Armenia has undertaken international obligations in the climate and energy sectors and is implementing reforms in legislation. The main targets of these policies are the communities. However, they are not sufficiently informed, as a result, they do not fully participate in decision-making processes. Therefore, the real socio-ecological needs of the communities are not fully reflected in the climate and energy policies.
During the press conference, EcoLur’s team presented its social and ecological needs assessment studies in 4 communities of Armenia, namely Talin, Aragatsotn Region, Dilijan, Tavush Region, Yeghegis, Vayots Dzor Region and Pambak, Lori Region. The studies have been carried out within the framework of “Impacted communities and civil society organizations as participants in the introduction of socio-ecological culture in the energy and climate change policies of Armenia” project implemented with the support of the UNDP/GEF Small Grants Program and "EU for Climate" regional project.
"Our goal is for the communities to move on the path of sustainable development. We will submit a package of recommendations to RA government regarding the reforms in the climate and energy sectors," EcoLur Informational NGO President Inga Zarafyan noted.
"Our main goal is for communities to be able to take advantage of climate and energy policies, to protect their interests by implementing climate change mitigation and adaptation programs, measures to reduce energy poverty," EcoLur Informational NGO Deputy President Victoria Burnazyan outlined.
Narek Tutkhalyan, EcoLur's partner in Talin Community, President of "Community and Youth" Youth Advisory NGO presented the main issues.
"In recent years, the construction of solar plants in Tallinn has progressed rapidly, and the community was not really prepared that one day it would become a solar community. Expropriation or donation of communal lands to large investors has kicked off. The community does not have a series of complex actions, what it expects to perform with the money received from investors. Those funds are used partly for development projects, partly for everyday problems," Narek Tutkhalyan said.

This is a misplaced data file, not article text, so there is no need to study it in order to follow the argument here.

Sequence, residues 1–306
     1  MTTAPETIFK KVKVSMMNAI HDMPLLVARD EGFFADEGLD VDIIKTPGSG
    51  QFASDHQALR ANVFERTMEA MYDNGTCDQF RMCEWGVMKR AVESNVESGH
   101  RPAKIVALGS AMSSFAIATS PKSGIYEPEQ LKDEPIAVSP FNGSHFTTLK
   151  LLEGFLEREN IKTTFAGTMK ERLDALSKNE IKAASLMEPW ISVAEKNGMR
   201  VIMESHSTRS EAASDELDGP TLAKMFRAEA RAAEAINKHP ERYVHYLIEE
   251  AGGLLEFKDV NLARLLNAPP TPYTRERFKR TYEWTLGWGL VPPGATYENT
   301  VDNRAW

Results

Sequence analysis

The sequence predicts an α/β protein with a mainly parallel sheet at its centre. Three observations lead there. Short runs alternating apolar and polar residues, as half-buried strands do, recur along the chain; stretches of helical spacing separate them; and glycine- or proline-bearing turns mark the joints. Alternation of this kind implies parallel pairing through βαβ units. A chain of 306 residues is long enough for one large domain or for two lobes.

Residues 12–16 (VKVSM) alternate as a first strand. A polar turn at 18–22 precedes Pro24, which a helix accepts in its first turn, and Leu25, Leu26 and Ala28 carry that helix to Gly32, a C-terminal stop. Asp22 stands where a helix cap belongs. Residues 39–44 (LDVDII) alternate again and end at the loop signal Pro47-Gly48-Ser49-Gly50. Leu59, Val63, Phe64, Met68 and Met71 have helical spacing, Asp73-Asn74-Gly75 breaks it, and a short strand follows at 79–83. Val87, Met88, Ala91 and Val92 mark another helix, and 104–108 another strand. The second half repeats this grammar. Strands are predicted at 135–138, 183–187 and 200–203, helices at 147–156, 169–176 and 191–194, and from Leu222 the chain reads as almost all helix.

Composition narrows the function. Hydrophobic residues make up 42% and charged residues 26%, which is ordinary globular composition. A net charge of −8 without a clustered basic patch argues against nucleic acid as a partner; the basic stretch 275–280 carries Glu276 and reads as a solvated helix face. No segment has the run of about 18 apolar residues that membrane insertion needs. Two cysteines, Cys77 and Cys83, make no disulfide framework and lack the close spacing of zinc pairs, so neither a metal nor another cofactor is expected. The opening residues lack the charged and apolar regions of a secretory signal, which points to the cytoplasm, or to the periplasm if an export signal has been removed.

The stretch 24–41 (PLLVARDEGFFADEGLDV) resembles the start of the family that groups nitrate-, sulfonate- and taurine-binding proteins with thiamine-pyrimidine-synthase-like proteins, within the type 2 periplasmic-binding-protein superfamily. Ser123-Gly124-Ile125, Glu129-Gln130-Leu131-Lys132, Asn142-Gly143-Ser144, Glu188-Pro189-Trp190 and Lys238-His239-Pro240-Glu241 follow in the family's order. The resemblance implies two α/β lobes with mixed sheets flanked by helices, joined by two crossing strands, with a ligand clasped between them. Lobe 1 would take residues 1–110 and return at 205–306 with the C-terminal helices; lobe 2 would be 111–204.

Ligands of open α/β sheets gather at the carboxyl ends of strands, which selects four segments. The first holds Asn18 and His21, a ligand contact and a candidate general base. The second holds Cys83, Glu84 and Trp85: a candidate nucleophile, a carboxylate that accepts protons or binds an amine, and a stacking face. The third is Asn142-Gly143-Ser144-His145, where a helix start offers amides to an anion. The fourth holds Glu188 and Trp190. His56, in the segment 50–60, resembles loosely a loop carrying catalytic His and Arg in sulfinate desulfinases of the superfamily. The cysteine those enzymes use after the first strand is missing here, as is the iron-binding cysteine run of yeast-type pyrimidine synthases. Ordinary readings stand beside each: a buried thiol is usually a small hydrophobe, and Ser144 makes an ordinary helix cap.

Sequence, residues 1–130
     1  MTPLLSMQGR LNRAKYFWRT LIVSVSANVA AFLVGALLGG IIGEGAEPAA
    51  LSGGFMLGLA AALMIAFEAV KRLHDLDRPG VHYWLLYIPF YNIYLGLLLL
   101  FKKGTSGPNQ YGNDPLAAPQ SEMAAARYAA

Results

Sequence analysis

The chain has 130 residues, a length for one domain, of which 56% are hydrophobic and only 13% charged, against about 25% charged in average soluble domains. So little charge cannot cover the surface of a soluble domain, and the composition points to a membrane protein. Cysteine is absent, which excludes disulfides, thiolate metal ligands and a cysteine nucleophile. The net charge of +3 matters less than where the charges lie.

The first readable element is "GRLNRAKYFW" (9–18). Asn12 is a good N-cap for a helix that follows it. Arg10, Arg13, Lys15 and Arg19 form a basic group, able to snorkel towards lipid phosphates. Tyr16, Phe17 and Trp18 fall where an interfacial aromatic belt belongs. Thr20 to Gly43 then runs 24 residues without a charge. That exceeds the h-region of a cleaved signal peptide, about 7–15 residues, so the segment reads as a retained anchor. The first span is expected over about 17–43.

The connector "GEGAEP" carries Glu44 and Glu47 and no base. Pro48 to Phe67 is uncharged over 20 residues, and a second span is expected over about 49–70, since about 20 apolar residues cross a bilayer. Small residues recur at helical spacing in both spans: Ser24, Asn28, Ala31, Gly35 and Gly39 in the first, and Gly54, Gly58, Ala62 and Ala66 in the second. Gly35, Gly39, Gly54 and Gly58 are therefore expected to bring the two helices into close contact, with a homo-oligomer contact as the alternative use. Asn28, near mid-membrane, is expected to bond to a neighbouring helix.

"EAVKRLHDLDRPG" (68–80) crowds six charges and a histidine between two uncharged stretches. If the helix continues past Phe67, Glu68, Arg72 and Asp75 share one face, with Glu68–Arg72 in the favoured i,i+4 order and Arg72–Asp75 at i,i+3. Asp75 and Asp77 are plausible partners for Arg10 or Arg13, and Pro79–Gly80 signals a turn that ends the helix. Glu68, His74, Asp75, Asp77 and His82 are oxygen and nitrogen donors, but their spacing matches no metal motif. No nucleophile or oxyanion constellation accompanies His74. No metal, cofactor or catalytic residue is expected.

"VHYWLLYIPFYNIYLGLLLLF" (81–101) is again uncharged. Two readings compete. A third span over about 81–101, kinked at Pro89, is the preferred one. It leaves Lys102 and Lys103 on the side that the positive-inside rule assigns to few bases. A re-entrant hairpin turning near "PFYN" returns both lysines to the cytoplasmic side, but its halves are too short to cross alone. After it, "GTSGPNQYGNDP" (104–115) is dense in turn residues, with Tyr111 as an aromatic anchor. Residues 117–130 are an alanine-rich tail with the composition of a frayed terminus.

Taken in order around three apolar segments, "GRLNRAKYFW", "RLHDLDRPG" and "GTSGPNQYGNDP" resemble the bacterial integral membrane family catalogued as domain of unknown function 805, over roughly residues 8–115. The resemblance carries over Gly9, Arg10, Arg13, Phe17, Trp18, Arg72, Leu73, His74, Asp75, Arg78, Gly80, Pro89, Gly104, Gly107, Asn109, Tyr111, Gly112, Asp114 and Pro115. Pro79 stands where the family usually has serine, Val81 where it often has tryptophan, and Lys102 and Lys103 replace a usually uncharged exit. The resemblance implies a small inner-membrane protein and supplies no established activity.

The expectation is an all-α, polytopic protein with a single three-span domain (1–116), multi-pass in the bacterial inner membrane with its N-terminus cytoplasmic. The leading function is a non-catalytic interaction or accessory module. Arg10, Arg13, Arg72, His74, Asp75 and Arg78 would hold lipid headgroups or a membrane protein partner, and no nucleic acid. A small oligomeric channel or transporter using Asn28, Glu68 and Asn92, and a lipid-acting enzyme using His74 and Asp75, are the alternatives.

Oleg Dulgaryan, President of "Center for Community Mobilization and Support" NGO, presented the problems in Pambak Community.
"Pambak Community has settlements with different problems and opportunities. In all settlements, there is a problem of coping with climate change, the level of people's awareness is low, there is a need to implement a policy of climate adaptation and resistance in the settlements, which should create opportunities for the community", Oleg Dulgaryan noted.
Ruzan Ghazaryan, President of "Work and Homeland" NGO, presented the problems in Yeghegis Community.
"Springs are drying up and water resources are decreasing, which brings difficulties for animal husbandry and agriculture. We are experiencing resident-SHPP and human-nature conflicts," Ruzan Ghazaryan said.
The climate challenges in Dilijan community were presented by Albert Haroyan, President of “Ecopolicy” Environmental Center for Secure and Developed Community” NGO.
"People are aware of the dangers that climate change brings. This shift is clearly visible in Dilijan. The first is the scarcity of drinking water, which both residents and tourists feel. Secondly, climate change affects the forest: the number of forest fires increased. Heavy rains can activate the landslides in Dilijan," Albert Haroyan said.
Roza Julhakyan, Expert at "EcoLur" Informational NGO, spoke about the possibilities of sustainable development of communities. "Communities have several possibilities to implement climate and energy projects. One of them is the subsidy programs, which need to be evaluated from the perspective of climate change," Roza Julhakyan stressed out.
September 15, 2023 at 16:08